A lot vs. Alot: 9 Grammatical Pitfalls
1530s, "to satisfy, satiate," from Latin saturatus, past participle of saturare "to fill full, sate, drench," from satur "sated, full," from PIE root *sa- "to satisfy" (see sad). Meaning "soak thoroughly" first recorded 1756. Marketing sense first recorded 1958. Related: Saturated; saturating.
Unable to hold or contain more; full.
Soaked with moisture; drenched.
Combined with or containing all the solute that can normally be dissolved at a given temperature.
Having all available valence bonds filled. Used especially of organic compounds.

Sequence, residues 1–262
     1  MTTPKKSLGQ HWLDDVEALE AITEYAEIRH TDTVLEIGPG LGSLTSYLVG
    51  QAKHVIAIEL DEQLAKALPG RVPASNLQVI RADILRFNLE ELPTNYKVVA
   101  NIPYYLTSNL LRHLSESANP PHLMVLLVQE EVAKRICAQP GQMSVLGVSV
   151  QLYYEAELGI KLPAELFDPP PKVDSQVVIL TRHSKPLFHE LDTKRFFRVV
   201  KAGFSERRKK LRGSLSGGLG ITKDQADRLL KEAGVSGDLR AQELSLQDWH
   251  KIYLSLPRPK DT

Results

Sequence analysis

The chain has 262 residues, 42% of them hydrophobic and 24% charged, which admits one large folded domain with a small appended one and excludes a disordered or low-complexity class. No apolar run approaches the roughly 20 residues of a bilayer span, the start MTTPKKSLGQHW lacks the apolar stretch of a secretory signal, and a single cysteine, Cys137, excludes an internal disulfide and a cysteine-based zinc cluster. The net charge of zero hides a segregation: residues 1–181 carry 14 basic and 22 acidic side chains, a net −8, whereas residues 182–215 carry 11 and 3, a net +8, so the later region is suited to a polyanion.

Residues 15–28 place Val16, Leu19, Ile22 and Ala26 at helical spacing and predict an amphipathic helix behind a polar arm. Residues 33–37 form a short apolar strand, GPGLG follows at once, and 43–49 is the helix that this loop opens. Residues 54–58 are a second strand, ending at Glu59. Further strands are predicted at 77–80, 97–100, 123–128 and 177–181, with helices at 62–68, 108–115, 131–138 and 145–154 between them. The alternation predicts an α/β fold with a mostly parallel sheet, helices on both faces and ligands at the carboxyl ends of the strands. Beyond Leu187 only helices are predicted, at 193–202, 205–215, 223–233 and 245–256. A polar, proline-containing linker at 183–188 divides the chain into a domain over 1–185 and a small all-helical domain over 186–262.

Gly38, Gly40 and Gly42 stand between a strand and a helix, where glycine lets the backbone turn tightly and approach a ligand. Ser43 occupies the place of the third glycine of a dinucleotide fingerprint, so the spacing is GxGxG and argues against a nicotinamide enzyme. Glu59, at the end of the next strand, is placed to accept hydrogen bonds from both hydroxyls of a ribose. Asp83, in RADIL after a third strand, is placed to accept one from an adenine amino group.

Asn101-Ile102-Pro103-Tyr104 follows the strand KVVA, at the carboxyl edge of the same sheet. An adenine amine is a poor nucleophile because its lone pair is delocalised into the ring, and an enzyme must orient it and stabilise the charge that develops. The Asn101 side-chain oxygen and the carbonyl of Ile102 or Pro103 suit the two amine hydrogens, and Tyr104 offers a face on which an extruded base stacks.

saturate sat·u·rate (sāch'ə-rāt')
v. sat·u·rat·ed, sat·u·rat·ing, sat·u·rates
To imbue or impregnate thoroughly.
To soak, fill, or load to capacity.
To cause a substance to unite with the greatest possible amount of another substance.
To satisfy all the chemical affinities of a substance; neutralize.
To dissolve a substance up to that concentration beyond which the addition of more results in a second phase.
Drunk: to keep them saturated indefinitely (1902+)